Europe is not only about magnificent historic cities, food and art; Europe also offers a wide range of outdoor activities. The continent is crisscrossed by long distance cycling routes as well as long distance hiking trails. If you are one of those people who need to get out and about during their vacation, you might want to consider the following ten long distance hikes in Europe.
1. Slovenian Mountain Trail, Slovenia
This challenging 500 kilometre hike connects the major mountain ranges in Slovenia—Pohorje, the Julian Alps, the Kamnik-Savinja Alps and Karavanke—with the sun-soaked Adriatic coast. It takes in Mount Triglav, the symbol of and tallest mountain in the country. This superb trail starts in Maribor, a town in the Alps, and takes in mountain ridges, valleys, plateaus, farmlands and vineyards before ending in Ankara, a town on the Adriatic Sea coast. This is a well-signed and well-maintained trail, featuring more than 50 huts and almost 80 checkpoints.
2. Müllerthal Trail, Luxembourg
Maybe not the most well-known long distance hiking trail in Europe, but absolutely a recommend one is the 112 kilometre Müllerthal Trail in Luxembourg. This well-marked six-day hike takes hikers past the stunning rock formations, castles, farmlands and forests that characterise the beautiful Little Switzerland region in Luxembourg.
3. Laugavegur Trek, Iceland
Also known as Laugavegurinn or the Hot Spring Route, the Laugavegur Trek in Iceland is not that long of a hike with its length of 54 kilometres, but it does require hikers to spend a few nights on the trail. This is arguably the most exceptional long distance hike in Europe because hikers will traverse volcanoes, glaciers, valleys and multi-coloured mountains. It’s this sheer variety of landscapes that makes this hike so unique.
4. Alta Via 1, Italy
The 150 kilometres long Alta Via 1, or High Route in English, snakes its way across the magnificent Dolomites in northern Italy. Although these mountains stand in the shadow, literally and figuratively, of the Alps, they are considered to be the most striking in Europe. They’re made up of incredibly sharp peaks, rock formations, photogenic alpine lakes and expansive alpine meadows. It’s a downright extraordinary trail. To top it off, the entire region is a UNESCO World Heritage Site.
5. Kungsleden, Sweden
Sweden’s Kungsleden, or King’s Trail in English, runs for no fewer than 440 kilometres across the vast plains of Swedish Lapland. It crosses one of the largest remaining wildernesses in Europe, taking in huge areas of tundra, birch woods, glaciers and mountains. This challenging trail—there are few facilities on the way—is typically done in four one-week-long sections. The trail is also opened in winter, when it’s a popular cross-country ski trail.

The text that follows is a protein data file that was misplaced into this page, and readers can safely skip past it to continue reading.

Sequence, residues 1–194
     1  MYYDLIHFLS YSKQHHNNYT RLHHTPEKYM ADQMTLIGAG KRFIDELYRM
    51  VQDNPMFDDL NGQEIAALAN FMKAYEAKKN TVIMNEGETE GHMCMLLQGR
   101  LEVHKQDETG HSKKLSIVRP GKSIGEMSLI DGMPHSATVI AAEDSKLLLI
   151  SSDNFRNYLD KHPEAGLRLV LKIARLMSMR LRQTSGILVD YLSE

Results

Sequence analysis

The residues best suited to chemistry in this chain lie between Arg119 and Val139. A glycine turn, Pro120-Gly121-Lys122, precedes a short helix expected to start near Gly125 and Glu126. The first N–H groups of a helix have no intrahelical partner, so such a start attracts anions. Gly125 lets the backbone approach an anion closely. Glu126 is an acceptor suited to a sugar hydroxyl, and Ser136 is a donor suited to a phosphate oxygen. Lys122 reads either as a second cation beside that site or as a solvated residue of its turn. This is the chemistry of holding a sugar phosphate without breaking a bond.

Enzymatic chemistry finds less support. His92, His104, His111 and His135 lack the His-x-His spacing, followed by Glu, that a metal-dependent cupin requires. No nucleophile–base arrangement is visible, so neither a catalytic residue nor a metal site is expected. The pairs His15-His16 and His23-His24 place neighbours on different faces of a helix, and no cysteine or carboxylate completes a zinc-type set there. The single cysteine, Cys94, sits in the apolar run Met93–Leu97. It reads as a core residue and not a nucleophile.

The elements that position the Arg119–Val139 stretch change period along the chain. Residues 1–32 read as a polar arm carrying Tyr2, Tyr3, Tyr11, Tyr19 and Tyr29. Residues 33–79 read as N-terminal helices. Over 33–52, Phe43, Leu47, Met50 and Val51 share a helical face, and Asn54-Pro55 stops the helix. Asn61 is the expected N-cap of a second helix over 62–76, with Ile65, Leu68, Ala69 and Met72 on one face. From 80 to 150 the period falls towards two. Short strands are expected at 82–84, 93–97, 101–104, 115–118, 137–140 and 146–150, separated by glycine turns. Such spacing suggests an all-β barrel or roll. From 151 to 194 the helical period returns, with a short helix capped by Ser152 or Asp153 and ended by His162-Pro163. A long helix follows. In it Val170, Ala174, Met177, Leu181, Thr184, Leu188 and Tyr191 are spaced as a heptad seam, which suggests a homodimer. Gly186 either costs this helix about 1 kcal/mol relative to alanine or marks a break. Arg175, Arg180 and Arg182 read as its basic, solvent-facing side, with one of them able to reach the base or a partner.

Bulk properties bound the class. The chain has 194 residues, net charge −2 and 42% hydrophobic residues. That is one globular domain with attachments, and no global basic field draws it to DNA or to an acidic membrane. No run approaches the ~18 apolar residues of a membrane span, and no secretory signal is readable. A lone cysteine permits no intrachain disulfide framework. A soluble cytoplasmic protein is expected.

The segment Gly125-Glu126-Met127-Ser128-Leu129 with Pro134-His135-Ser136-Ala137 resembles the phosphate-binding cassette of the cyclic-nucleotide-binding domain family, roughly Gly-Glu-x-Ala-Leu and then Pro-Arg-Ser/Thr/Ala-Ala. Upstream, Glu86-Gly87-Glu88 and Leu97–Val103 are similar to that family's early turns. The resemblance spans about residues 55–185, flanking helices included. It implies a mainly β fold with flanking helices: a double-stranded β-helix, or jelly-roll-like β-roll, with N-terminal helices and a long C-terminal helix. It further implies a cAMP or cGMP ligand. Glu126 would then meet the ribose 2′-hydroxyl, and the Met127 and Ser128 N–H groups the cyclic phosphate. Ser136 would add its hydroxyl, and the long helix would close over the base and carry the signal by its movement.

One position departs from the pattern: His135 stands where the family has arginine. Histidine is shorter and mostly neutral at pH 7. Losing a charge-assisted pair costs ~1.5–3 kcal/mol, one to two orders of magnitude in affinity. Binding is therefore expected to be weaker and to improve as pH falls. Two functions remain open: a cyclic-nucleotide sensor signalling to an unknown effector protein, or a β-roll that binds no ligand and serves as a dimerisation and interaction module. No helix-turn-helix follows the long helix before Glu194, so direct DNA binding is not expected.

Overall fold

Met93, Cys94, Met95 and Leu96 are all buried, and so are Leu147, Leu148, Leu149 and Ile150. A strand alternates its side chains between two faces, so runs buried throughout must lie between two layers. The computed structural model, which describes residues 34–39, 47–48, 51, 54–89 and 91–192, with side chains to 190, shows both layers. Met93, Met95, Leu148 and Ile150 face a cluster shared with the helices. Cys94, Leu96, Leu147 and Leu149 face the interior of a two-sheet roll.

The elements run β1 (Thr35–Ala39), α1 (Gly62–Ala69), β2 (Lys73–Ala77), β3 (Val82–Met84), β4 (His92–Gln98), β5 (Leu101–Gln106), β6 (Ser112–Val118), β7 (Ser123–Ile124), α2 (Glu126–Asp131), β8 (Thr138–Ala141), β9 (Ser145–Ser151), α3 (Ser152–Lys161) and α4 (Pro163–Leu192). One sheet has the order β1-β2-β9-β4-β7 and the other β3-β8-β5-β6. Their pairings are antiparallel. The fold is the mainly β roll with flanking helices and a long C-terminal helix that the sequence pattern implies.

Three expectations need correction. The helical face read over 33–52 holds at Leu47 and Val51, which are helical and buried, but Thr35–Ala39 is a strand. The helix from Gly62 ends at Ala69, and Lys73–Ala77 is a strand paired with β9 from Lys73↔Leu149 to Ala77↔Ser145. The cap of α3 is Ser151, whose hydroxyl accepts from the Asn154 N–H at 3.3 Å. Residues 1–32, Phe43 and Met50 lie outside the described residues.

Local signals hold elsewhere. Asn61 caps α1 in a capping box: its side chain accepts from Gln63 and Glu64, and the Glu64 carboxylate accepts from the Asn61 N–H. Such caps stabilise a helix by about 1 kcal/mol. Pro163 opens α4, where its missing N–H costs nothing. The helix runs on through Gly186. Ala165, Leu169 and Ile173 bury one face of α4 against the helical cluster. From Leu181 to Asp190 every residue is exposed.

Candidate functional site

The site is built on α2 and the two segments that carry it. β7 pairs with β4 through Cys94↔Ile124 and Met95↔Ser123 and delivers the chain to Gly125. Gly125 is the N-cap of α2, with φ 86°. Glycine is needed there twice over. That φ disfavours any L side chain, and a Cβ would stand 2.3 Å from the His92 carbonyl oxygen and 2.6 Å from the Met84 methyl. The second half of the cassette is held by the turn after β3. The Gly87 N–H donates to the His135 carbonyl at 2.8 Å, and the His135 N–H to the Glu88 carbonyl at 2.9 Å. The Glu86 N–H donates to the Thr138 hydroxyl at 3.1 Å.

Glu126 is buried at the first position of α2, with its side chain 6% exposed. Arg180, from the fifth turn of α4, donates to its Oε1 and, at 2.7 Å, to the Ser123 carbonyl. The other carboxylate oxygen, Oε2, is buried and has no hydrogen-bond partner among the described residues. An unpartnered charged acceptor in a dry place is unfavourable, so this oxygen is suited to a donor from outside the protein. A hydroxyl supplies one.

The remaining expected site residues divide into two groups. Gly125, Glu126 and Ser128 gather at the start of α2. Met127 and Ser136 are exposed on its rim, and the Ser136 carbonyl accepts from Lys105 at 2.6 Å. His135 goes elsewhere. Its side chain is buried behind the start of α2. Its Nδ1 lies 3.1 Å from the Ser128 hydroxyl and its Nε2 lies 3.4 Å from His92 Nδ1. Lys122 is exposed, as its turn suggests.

6. Tour du Mont Blanc, France, Italy and Switzerland
Mont Blanc is the highest mountain in western Europe, rising 4,810 metres to the sky. The Tour du Mont Blanc circumvents the entire base of this mountain, crossing three country borders on its way. The trail is 169 kilometres long and runs underneath towering mountain peaks and across scenic valleys and meadows. Hikers generally start and end in Chamonix, France, and sleep in the many huts that line the trail.
7. Lycian Way, Turkey
This is without question one of the greatest historic long distance hikes in Europe. Running for about 540 kilometres along Turkey’s Mediterranean coast, from Fethiye to Antalya, the Lycian Way is an extraordinary trail that combines several shorter ancient trails. Attractions on the way range from rocky coastlines and beaches backed by pine forests to ancient ruins and historic coastal towns.
8. Hadrian’s Wall Path, England
The 135 kilometre Hadrian’s Wall Path follows what used to be the northernmost border of the Roman Empire. Running from the North Sea coast to the Irish Sea coast across northern England, this epic trail is lined with Roman ruins, including many sections of UNESCO World Heritage Listed Hadrian’s Wall, and crosses spectacular rural landscapes. It doesn’t take longer than six days to finish the walk.
9. West Highland Way, Scotland
10. Camino de Santiago, Spain
Undoubtedly the most famous hiking trail in Europe, the Camino de Santiago, or Way of St. James in English, is made up of numerous different trails, all of which end at the old pilgrimage city of Santiago de Compostela in northwestern Spain. The most popular route begins in St.-Jean-Pied-de-Port just across the French border in the Pyrenees and measures about 800 kilometres. It takes more than a month to complete this iconic trail.
Source: Tripzilla Magazine